News: Information Technology

Penn College IT Students Capture Digital ‘Flag’

Pennsylvania College of Technology students reached the virtual summit during a recent competition for information security practitioners. A team consisting of four information technology majors won the wireless “capture the flag” event during the Security B-Sides DC Conference in Washington, D.C.

Competing against students from other schools, as well as IT professionals, the Penn College team successfully employed radio frequency signals to access the opposition’s computer system and capture the “digital flag” stored on the system.

Members of the winning Penn College team were information assurance and security concentration majors Jeremy W. Rennicks, of Williamsport; David M. Mossop, of Newark, Delaware; Douglas S. Wilson, of Wellsville; and Zachary L. Lundberg, of Warren.

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Penn College Cisco Networking Academy to Host Technology Demonstration

Cisco Networking Academy

Cisco Networking Academy

NetBrain Technologies Inc. will provide Penn College students with a demonstration of its map-driven, network-automation software during a virtual conference, scheduled from 3:30-4:30 p.m. Thursday, Nov. 6, in Room E140 of the Breuder Advanced Technology and Health Sciences Center. The presentation will feature Christel Glaser, an account executive with the Burlington, Massachusetts-based company, the mission of which is to empower professionals by making network management simple and visual with transformational technology. NetBrain’s customer base includes organizations in health care, financial services, the government and telecommunications, including AT&T, BP, MITRE, Lockheed Martin, NASA and the U.S. Army. The presentation will demonstrate to students the power of NetBrain’s map-based automation to discover, document and troubleshoot business-critical, enterprise-grade networks to simplify and reduce the efforts associated with network management. The demo, hosted by the Penn College Cisco Networking Academy, is an opportunity for all information technology students to learn about some amazing technology from network professionals. For more information, contact Jeff B. Weaver, associate professor of electronics, or Lisa R. Bock, assistant professor of information technology.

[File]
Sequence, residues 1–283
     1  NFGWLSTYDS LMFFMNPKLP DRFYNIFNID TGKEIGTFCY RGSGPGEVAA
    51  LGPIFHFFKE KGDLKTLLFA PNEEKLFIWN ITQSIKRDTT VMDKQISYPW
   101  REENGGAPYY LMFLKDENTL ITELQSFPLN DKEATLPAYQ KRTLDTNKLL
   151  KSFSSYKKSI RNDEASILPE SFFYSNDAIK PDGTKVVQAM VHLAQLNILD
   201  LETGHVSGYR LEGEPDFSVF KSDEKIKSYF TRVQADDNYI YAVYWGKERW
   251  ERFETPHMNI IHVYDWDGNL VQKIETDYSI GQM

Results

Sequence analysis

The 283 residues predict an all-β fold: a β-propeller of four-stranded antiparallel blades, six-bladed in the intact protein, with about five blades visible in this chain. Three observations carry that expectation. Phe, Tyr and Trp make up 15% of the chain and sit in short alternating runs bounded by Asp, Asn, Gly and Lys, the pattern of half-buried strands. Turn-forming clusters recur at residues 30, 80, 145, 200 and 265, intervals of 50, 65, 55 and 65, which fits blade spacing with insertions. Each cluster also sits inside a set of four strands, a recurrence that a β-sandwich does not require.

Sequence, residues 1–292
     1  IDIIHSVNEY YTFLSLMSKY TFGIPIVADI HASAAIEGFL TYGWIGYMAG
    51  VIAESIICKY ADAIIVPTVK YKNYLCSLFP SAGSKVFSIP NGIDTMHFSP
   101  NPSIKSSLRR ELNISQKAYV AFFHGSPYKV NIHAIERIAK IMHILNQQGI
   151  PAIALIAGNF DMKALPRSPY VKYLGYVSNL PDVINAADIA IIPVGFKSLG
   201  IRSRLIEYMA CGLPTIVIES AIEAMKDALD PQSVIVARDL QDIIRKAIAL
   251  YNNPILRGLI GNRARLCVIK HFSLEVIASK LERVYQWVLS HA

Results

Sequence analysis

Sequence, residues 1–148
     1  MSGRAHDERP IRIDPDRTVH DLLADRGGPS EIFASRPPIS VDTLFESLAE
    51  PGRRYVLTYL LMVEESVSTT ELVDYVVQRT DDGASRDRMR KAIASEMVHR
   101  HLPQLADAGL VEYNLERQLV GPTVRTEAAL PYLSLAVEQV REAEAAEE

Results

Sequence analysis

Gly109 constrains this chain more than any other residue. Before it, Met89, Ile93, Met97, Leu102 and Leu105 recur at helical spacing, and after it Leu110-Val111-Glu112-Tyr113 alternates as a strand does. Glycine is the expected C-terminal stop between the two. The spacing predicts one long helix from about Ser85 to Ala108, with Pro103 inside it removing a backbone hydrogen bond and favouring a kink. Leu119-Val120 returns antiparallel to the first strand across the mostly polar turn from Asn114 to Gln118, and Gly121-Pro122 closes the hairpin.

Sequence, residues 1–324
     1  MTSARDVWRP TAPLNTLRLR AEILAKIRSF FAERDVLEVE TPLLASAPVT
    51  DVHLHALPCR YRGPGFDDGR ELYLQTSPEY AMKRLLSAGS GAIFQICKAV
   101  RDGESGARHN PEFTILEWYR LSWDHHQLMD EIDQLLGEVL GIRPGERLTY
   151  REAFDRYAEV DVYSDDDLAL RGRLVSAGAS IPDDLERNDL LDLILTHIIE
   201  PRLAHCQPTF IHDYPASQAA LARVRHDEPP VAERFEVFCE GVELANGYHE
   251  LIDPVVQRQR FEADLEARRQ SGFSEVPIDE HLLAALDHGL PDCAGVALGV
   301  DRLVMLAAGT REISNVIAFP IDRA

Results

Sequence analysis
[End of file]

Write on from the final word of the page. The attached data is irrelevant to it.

Penn College Information Technology Students Excel at ‘Hackathon’

Penn College IT majors had a strong showing at the recent Altamira Hackathon in Fairfax, Virginia. College participants were (front row, from left) Evelyn E. Hill, of Muncy; Madelyn M. Lanoue, of Dallastown; David M. Mossop, of Newark, Delaware; Zachary L. Lundberg, of Warren; Donald E. McCoy, of Watsontown (2014 graduate); and Brian S. Stringer, of McVeytown. Back row, from left: Derek E. Teay, of Northampton; Tucker J. Harner, of Leesport; Drew Pacell, of Ottsville; Jeremy W. Rennicks, of Williamsport; Jerome T. Czachor, of Dickson City; and Adam T. Check, of Great Falls, Virginia. (Photo by Sandra Gorka, associate professor of computer information technology)

Information technology majors from Pennsylvania College of Technology proved their prowess at a recent cybersecurity competition. A five-member Penn College contingent finished second at the Altamira Hackathon in Fairfax, Virginia.

Conducted at George Mason University, the competition required participants to test their skills around the Atari game Scram. Team members controlled various aspects of a nuclear reactor while protecting their computer network and attacking the computing resources of other teams.

“Events such as the Altamira Hackathon give students an opportunity to exercise their skills in a competitive environment,” said Sandra Gorka, associate professor of computer information technology, who accompanied the students with Jacob R. Miller, associate professor of computer information technology. “We are very impressed with the performance of our second-place team and all the Penn College students who participated. They did an outstanding job representing the college.”

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Self-Reflective Talk Offers ‘How-to’ Hints on Personal Satisfaction

Drawing from life lessons, Jacob R. Miller advises students not to "dwell on failure, but own up to your shortcomings."